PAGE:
What is a BATNA in negotiation? In their bestseller Getting to Yes: Negotiating Agreement Without Giving In, Roger Fisher, William Ury, and Bruce Patton (Penguin, 1991) described BATNA, or best alternative to a negotiated agreement, as the path you’ll follow if you don’t reach agreement in your current negotiation.
Awareness of your BATNA will keep you from accepting a worse outcome than you could get elsewhere—and, conversely, from rejecting an agreement that’s better than your BATNA. If you’re excited about a strong job offer, for example, you can bargain hard in negotiations for another job.
Should you reveal your BATNA to your counterpart, and if so, when? BATNA examples in the news shed light on this difficult question. Consider British prime minister Theresa May’s decision in August 2018 to unveil an initial set of contingency plans for exiting the European Union (E.U.) if the so-called Brexit negotiations ended in impasse.
May’s contingency plans were intended to quell the public’s fears that an impasse would lead to chaos, as well as to convey to E.U. negotiators that the United Kingdom was prepared to walk away from a deal that didn’t meet its interests. Failure to reach agreement “wouldn’t be the end of the world,” May said, according to Sky News.
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The British government’s decision to reveal what will happen if Brexit talks fail raises interesting questions regarding the role of BATNA in business negotiation strategies. The following five do’s and don’ts will help you manage your BATNA with confidence.
- Don’t Reveal a Weak BATNA.
Never share your BATNA with the other party if it is hopelessly weak. A bad BATNA is also known as a WATNA, or worst alternative to a negotiated agreement. Telling a supplier, for example, that you dumped your last partner and are desperate to do a new deal is a surefire way to ensure the supplier will highball you on price and resist compromising. You will also want to be careful to avoid appearing to be in a hurry, seeming stressed, or revealing that you have a wide-open schedule—all potential “tells” that you don’t have much else going on and may be ready to close a deal on your counterpart’s terms.
- Don’t Bluff about Your BATNA.
What if the other side asks you about your BATNA directly? Explain (truthfully) that you are working on various possibilities but want to concentrate on the deal on the table for the time being. Resist the urge to embellish or fabricate a BATNA to try to boost your bargaining power. You’ll sacrifice not only your ethics but perhaps also your reputation if you’re caught in an exaggeration, misrepresentation of facts, or lie.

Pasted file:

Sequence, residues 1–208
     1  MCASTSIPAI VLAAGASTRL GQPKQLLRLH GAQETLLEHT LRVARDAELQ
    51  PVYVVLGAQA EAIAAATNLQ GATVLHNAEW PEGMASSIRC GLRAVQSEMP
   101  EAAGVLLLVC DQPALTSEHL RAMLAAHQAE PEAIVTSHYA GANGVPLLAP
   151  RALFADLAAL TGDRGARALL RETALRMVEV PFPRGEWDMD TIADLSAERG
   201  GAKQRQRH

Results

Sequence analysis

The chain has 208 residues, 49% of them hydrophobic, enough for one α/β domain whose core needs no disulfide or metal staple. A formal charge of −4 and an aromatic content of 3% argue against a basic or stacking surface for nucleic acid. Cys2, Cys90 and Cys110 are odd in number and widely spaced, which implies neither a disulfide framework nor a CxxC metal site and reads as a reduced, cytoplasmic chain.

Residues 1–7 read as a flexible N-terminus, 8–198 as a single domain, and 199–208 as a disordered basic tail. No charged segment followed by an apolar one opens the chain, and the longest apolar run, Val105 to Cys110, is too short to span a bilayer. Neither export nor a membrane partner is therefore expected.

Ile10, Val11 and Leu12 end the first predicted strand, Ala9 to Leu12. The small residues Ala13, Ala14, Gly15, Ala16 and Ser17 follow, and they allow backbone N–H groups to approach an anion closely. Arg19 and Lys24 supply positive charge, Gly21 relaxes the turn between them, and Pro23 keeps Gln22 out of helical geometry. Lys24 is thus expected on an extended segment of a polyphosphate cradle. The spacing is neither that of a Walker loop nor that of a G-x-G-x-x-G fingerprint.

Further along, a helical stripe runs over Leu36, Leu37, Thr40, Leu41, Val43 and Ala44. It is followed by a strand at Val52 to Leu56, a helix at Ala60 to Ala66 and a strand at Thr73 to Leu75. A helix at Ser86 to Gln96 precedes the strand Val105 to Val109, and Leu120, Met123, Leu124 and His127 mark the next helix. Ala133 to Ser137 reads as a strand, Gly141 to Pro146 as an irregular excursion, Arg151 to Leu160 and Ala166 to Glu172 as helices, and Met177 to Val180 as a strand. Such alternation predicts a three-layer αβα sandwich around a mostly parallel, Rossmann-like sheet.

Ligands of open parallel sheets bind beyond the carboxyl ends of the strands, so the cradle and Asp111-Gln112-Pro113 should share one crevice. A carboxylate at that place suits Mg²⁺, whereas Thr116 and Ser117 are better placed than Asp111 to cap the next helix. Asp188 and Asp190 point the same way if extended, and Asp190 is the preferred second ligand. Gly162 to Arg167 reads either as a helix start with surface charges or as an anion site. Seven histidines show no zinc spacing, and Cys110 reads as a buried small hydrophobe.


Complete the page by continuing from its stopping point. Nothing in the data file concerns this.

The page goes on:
- Don’t Reveal Your BATNA Too Early.
When you open up about a great BATNA to your counterpart early in the game, the information could come across as a threat: “If you can’t give me an even better deal than the one I just outlined, I’m out of here.” Threats foster a competitive atmosphere when making business deals and hinder your ability to explore tradeoffs that could create value. Even if you’re certain your BATNA is rock solid, hold off on revealing it. It could prove to be a useful bargaining chip during the final stages of a negotiation after you’ve exhausted all other strategies.
- Do Work to Actively Improve Your BATNA.
As BATNA examples such as the Brexit negotiations demonstrate, it’s not enough to simply talk about your BATNA. Rather, you need to do everything you can to try to improve it. For Prime Minister May, that meant asking government agencies and private companies to prepare for an orderly transition in case there is no deal. For a job seeker, that might mean continuing to seek leads in your network or thinking about other paths, such as going back to school.
- Don’t Let Them Talk You out of Your BATNA.
When a counterpart disparages your BATNA, he is obviously hoping to taint it in your eyes. Don’t fall for this tired, old ploy. Of course, it’s smart to investigate any potentially legitimate claims the person makes about your BATNA, but recognize that he has very real incentives to convince you that your outside options are not as good as you’d like to believe.
What BATNA examples can you share that shed light on when to reveal or conceal?